Here at the Library of Antiquity we’re pretty excited about the launch of Perseus 5.0, the Scaife Viewer. This is the first major overhaul of the Perseus platform since the launch of the Perseus 4.0 Hopper in May of 2005. The Scaife Viewer is a whole new Perseus experience. The new reader, named after Ross Scaife, a pioneer and avid proponent of opens-ource, community-based projects, is intended to be a community-driven, customizable interface based off of the CTS URN data model (see below). In this post, we’ll go over using the reader in general and follow up with some additional posts about the various features (and will even cover my own attempts to contribute to the project!).
First off, how is Perseus 5.0 different? Why is it such an exciting project? Well, because now the Perseus Project is alive! Perseus 5.0 allows for almost immediate inclusion of new materials, and it’s flexible and extensible so that it can host a range of born-digital reading experiences. Plus, the project is open source and the code is hosted on GitHub, making it easy for people to contribute to the project. Furthermore, there are many ways to contribute to the project even if you don’t know anything about programming, including improving the texts in the Open Greek and Latin Project and translating the viewer into other languages. Perseus 5.0 is meant to be a truly collaborative and community driven platform, just the way that Ross Scaife would have wanted it to be.
While I’m excited to see what the community will come up with for the new viewer, the first version is a pleasant reading experience. Let’s dive right in to the Scaife Viewer’s main page.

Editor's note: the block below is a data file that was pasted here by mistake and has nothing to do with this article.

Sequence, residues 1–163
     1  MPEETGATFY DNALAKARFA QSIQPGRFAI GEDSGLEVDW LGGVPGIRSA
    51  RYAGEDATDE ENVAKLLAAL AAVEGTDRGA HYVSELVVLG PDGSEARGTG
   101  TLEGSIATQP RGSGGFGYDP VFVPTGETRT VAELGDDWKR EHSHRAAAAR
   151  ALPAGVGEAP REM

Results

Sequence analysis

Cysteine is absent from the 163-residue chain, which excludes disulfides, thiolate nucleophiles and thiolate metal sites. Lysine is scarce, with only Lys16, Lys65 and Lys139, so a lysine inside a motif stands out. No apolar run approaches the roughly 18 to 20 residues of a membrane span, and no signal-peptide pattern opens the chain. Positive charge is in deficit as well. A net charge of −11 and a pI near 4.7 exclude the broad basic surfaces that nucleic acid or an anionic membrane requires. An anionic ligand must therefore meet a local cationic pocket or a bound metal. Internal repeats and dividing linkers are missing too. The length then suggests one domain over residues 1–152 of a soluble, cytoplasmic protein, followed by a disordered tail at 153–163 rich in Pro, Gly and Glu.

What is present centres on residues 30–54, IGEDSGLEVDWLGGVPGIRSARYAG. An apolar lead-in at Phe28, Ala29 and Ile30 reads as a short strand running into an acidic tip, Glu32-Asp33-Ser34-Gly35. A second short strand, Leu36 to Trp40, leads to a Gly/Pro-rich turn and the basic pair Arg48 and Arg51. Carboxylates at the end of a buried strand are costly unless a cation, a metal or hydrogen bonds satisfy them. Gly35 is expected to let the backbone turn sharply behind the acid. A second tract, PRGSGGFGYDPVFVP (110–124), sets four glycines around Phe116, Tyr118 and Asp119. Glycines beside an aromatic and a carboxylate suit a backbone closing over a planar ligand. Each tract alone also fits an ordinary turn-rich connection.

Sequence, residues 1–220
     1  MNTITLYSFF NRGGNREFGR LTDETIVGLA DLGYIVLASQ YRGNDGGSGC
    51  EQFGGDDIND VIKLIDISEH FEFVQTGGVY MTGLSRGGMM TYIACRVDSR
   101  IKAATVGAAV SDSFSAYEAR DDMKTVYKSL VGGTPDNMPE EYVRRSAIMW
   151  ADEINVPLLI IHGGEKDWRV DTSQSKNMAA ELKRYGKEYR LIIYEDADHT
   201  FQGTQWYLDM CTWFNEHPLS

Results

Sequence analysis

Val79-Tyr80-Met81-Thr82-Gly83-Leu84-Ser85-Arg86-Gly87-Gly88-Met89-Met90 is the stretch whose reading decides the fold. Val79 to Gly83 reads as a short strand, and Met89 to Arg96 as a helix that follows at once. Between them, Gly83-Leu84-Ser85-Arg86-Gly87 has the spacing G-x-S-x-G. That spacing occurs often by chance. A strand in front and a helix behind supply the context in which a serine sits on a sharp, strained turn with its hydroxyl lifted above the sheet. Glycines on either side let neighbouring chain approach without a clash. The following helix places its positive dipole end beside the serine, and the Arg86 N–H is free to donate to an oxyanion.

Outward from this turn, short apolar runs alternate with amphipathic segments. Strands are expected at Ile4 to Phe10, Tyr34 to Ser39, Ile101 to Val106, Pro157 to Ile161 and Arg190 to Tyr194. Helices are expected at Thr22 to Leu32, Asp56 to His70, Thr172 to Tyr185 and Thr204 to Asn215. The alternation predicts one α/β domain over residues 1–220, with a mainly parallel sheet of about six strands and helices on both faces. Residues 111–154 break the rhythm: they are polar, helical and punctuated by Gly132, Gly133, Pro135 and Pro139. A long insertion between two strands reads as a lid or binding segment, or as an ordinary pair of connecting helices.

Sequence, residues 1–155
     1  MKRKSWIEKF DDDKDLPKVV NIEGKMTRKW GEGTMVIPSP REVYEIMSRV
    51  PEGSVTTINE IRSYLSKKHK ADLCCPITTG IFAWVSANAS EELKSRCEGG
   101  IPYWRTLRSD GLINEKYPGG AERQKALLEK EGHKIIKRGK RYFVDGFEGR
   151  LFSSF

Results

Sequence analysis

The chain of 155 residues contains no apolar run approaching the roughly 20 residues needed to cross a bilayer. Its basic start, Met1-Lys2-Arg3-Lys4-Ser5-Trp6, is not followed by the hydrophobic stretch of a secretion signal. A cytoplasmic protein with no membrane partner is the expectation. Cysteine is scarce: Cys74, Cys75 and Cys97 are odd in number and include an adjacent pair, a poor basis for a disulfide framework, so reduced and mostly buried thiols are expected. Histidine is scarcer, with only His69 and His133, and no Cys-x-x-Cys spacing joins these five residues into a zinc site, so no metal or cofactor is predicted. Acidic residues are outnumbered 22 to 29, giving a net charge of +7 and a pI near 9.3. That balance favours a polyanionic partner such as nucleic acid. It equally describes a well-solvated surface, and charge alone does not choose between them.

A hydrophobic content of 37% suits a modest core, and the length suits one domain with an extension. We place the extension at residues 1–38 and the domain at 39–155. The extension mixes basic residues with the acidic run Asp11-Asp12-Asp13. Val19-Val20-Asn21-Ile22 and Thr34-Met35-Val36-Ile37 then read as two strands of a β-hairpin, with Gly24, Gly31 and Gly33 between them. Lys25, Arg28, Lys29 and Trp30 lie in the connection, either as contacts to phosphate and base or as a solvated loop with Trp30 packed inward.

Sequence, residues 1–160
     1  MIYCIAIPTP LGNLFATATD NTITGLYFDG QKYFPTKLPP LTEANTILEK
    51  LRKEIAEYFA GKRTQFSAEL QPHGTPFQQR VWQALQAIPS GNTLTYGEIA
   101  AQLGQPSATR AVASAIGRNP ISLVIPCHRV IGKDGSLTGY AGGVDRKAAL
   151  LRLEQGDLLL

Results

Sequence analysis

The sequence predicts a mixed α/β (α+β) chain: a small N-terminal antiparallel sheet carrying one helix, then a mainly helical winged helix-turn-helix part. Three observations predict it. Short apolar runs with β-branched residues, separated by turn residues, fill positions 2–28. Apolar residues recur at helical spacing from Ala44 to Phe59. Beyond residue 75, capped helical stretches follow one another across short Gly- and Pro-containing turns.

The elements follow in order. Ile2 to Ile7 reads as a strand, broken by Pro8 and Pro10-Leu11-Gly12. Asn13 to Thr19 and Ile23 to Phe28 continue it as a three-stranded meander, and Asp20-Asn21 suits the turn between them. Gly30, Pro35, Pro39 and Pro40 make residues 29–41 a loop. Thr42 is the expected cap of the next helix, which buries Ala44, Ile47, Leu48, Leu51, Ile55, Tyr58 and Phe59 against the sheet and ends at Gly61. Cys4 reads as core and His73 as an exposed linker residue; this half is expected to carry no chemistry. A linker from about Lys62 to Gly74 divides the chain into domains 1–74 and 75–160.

Front and center are two main options for engaging with texts: Browse the Library and Text Search. At the top you can log in or sign up (more on this later). I encourage you to read the About section and check out the Recent Changes to see what new and exciting things are coming to the project.
If we click on Browse the Library we are taken to a page that lists all of the available texts. We can sort the texts by text group, CTS URN (more on this later), or work. Text groups are largely authors but also include collections of texts like the Hebrew Bible, the New Testament, and various scholia. Sorting by work results in an alphabetical list of texts available on the site.
The fastest way to find a text is to start typing a search term in the box. The search auto-populates once you type even one letter and it only takes three letters to find Cicero.
Suppose I’m in the mood for the Catilinarians: if I click on Against Catiline it brings me to a page that lets me choose from the available versions. You’ll note that there is one edition of the Catilinarians in Latin and one translation of the text in English.
Let’s start with the Latin edition and take a look at the reader interface in detail.
The main reading interface has three panels. The left-hand panel provides navigation and a text search, the center panel contains the text, and the right-hand panel is for reading options. Note that you can collapse the side panels by using the small grey arrows at the top of the main section. When the panels are collapsed, the arrows change directions and clicking on them again brings the panel back out. You can also add a parallel version of the text to the center pane.
The right-hand pane (numbers 4-8) give you reader display options. Each of the individual sections can be collapsed by clicking anywhere on the section and then expanded by clicking again. The CTS URN information (#4) links to the actual xml file (see below), and the text size section (#6) lets you make the text in the reading pane larger or smaller. You have two options in the reader for Text Mode (#5): normal and highlight. Normal mode lets you easily copy/paste selections of the passage. Highlight mode lets you click on individual words and phrases to show you the morphology of the word (#7 and #8 – see below).